As a conclusion I can really write almost the same thing as I’ve wrote for the Detroit Pistons:
The Pacers have the weapons to compete for a playoff spot but they need badly everyone to be healthy especially Roy Hibbert. With such a long season on the horizon, I don’t think that their frontcourt will be able to hang around against others Eastern Conference teams to earn that spot.

  • Forward Danny Granger and backup guard T.J. Ford suffered ankle and hamstring injuries, respectively. They appear serious enough that both players could spend time in street clothes.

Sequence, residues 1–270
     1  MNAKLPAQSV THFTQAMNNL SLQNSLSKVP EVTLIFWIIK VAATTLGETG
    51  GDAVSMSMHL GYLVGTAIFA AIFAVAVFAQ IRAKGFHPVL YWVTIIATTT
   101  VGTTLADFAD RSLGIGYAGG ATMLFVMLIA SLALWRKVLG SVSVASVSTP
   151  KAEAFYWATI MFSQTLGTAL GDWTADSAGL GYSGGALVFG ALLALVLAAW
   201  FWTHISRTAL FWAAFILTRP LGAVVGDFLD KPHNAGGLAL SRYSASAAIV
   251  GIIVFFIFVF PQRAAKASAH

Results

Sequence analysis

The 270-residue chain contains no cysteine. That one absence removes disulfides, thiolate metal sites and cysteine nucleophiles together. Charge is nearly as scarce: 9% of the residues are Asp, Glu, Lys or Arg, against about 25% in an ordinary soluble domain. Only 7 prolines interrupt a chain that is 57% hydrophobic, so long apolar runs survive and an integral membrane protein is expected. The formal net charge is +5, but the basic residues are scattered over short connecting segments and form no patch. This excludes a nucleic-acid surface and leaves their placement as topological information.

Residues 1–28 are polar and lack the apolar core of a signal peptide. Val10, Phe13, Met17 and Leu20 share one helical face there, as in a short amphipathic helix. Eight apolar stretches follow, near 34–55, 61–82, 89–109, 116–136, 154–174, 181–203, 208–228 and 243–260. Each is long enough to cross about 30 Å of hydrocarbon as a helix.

Granger sprained his left ankle late in the first half when he landed awkwardly after a drive to the basket.

    "It swelled right up," Pacers coach Jim O'Brien said about their best offensive player. "I don't know how long it's going to take for him to get healed. Clearly, we need him to be healthy. But we can't do anything about that until we find out how severely sprained it is."

    "It tightened and locked up," Ford said. "Guess I've got to go back to the drawing board. I felt good in the past week of practice. Hopefully it's a small setback. I don't know how long I'll be out. We haven't discussed that yet."

    :S